The worst part of the trip was DEFINITELY transportation. Man, Indonesia really has some of the most atrocious public transit of anywhere I’ve been. Buses can be hard to come by outside of big cities, and most land transport is by way of shared minibuses (called “bemos”) and cars. Finding an adequate ride often takes a lot of searching, and the transport never ever leaves on time. Mostly, they will drive around for a long time filling up the vehicle until it’s at maximum capacity. And by maximum capacity, I mean being uncomfortably crammed into a seat that is way too small for most adult humans. Boats are usually a bit more comfortable (at least they are not usually THAT crowded), but it should be noted that their safety record in Indonesia is far from stellar.
Another major problem here is cleanliness and pollution. There is garbage strewn everywhere and it’s not a lovely sight. It’s a damn shame because so much of the landscape here would look way better without heaps of trash thrown about. It’s also very common for locals to burn their trash, so watch out for the daily plumes of smoke all over the place. It is clearly very toxic stuff to be breathing in and is a major contributor to air pollution in Indonesia.
The food that I ate was pretty good. I’d give Indonesian cuisine a B- rating overall (obviously subject to change if I ever explore more of the country). Don’t get me wrong, it’s usually cheap and tasty. However, the cuisine definitely does not have that WOW factor of the greatest cuisines (Indian, Thai, Malay, etc). The dishes of white rice and sides of protein/vegetables can get a bit boring. I wish Indonesian food had a bit more diversity in terms of their carb choices (though some regions do prioritize cassava), and utilized spices in a more complex fashion. Some of my favorite dishes include Soto Ayam (a type of chicken soup), Nasi Campur (a staple of rice with several side dishes, slightly different at each restaurant), and Rendang (a beef curry).
Many people visit Indonesia for beautiful beaches and sea life, and it’s no wonder why. I saw, swam in, and snorkeled in some incredible beaches during my two-month stay. Unfortunately, some of the prettiest beaches (I’m talking the tranquil Koka Beach in Flores) have issues with plastic on the sands and in the water. However, others are well-maintained. You will certainly not be lacking for ocean options when you visit Indonesia.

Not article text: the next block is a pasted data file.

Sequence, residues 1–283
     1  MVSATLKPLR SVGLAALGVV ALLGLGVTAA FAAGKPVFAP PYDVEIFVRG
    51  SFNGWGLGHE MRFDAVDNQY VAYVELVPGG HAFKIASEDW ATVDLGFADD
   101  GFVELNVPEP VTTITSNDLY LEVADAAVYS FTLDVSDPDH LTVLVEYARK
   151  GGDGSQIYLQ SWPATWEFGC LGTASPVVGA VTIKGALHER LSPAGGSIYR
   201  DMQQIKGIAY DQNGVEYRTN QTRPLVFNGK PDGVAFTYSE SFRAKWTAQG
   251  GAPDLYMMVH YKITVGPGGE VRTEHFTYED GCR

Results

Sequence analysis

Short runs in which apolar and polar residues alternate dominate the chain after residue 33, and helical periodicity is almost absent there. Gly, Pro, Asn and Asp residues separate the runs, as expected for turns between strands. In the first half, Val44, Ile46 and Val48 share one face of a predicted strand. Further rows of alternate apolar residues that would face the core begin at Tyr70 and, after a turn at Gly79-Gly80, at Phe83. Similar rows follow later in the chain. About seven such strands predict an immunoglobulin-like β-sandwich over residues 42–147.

Maybe the pinnacle of my trip was a 4 day, 3-night boat cruise through Komodo National Park (and several other small islands). On both Rinca and Komodo island, we were able to see the fearsome dragons up close, as well as the prey animals (deer, boars, buffalo, monkeys) they survive on. All in all, this trip was one of the best $165 I’ve ever spent in my life, and I highly recommend it to anyone visiting Indonesia. I am currently waiting on several rolls of film to be developed, so I hope to be able to eventually share some incredible photographs from this journey!
I’m going to do a separate article on money and costs during my stay in Indonesia (spoiler alert: it’s a very inexpensive place to travel). Stay tuned!
For several days now, I've been stuck in Mataram, the capital city of the Indonesian province of West Nusa Tenggara. Located on the island of Lombok, Mataram has a population of over 400,000. It is a local center for industry and education, and sees very few tourists compared to other areas of Lombok. I'm here awaiting my visa extension, which has taken about four days to process.
At first, the prospect of waiting around a city for nearly a week was depressing. There are relatively few things to see around Mataram, and I felt my time could be better spent checking out some beautiful beaches or stunning volcanic scenery. I must reveal, however, that these past several days have been just what I needed. Let's take a look at why this is, and what my experience in Indonesia has been like thus far. To do this, we will rewind back three weeks, to October 18, 2019.